Property Trusts

Property Trusts

Homeowners, beware! Without a Property Trust in place, your gorgeous family home could slip away from you and your loved ones. It seems a cruel twist of Fate that you should spend years of your life working to pay off a mortgage on a family home only to have it taken away from you and your children in your later years. That’s what can happen though, if you need permanent care in the future.

It comes as a shock to many families to discover that what they thought was their ‘forever home’ can be taken from them – especially at an already delicate time in their lives when a loved one is physically vulnerable.

According to a survey done by NFU Mutual, between 30 000 and 40 000 people lose their homes each year in order to cover their care fees. Can you imagine losing the home you’ve worked so hard for? Without a Property Trust in place, this could be on the cards.

To be clear, your home will not be used to cover care costs if any of the following people live there:

  • Close relatives under the age of sixteen, if they are in your care
  • Close relatives over the age of sixty-five if they’re vulnerable or ill
  • Your spouse or civil partner
  • Your ex-spouse or civil partner if they’re a lone parent

If none of the above lives there, though, your home will be a risk. As a homeowner, you are expected to cover the costs of your own care. Within three months of your moving into permanent care, your home may be counted as capital from which you will be expected to pay the bills.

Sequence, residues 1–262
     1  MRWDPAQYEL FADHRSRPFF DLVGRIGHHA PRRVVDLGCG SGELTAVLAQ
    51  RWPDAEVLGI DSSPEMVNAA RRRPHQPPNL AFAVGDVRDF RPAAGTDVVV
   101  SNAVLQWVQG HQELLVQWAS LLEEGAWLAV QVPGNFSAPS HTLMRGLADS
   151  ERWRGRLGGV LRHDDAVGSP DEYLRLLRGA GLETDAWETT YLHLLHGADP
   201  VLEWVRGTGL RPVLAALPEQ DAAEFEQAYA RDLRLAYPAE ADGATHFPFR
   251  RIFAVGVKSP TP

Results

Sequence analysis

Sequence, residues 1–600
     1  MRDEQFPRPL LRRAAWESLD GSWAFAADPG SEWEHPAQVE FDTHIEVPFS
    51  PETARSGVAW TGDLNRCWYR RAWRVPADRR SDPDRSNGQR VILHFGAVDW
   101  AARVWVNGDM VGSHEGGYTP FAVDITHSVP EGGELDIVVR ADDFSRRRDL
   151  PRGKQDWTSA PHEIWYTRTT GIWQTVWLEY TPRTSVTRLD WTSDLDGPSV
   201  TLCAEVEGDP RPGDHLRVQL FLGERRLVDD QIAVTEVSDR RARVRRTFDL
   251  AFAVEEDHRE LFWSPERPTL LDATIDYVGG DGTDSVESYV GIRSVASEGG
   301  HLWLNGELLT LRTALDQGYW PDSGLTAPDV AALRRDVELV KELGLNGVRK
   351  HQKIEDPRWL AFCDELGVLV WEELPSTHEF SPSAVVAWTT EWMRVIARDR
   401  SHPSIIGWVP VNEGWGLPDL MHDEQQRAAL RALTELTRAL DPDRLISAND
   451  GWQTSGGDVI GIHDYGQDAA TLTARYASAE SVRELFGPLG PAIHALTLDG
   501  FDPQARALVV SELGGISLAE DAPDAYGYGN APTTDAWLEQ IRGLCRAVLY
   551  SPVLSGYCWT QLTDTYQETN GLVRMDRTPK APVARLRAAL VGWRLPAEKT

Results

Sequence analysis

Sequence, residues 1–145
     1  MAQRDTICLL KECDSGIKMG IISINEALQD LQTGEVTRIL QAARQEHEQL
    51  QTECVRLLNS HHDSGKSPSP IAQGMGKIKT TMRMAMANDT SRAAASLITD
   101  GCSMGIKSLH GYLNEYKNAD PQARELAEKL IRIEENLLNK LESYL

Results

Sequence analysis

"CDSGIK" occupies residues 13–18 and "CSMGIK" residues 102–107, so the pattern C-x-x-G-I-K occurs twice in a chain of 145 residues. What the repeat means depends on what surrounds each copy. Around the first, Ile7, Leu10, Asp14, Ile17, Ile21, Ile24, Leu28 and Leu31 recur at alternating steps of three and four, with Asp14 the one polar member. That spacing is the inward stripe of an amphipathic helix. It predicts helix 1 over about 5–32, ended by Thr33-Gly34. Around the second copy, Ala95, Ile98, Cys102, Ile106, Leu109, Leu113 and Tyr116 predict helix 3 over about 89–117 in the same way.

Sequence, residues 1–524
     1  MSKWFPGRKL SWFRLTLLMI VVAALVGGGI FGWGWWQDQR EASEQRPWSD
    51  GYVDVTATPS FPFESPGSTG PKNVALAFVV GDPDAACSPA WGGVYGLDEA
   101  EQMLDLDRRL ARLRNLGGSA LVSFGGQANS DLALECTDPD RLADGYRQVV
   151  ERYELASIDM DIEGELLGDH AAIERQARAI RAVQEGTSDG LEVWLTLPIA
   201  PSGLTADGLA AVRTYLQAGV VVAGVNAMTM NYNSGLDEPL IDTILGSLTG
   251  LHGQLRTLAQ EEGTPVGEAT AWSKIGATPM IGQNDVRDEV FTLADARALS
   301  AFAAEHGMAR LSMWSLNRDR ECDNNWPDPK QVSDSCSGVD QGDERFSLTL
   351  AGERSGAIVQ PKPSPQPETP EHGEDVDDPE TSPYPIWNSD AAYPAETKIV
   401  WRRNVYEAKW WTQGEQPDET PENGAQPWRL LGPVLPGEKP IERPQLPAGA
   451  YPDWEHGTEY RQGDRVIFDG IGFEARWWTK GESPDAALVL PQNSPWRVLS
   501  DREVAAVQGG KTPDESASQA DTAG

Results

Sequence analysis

There IS a way of protecting your home from being seized to cover future care costs. The good news is that, in fact, only one in ten homeowners need to move into permanent care anyway. But If you or someone you love becomes the unlucky one in ten, it’s good to know that the family home is protected by a Property Trust, or a Family Settlement Trust as it’s sometimes called.

To set up a Property Trust, your property needs to be mortgage free, or ‘unencumbered’.

For example, if you owned a family property with your partner that was valued at £400 000 with no mortgage, you could arrange for it to be put in shared trust with your children. That would mean that the house is owned by all of the Trustees, not just you. If the worst comes to the worst and you need to move into permanent care at some point in the future, then only your share of the value of the property would be charged, thus sparing the family home.

It’s worth finding out more – the law can be complicated regarding trusts, so drop us a line we’ll be happy to go through it with you. Wishing you Peace of Mind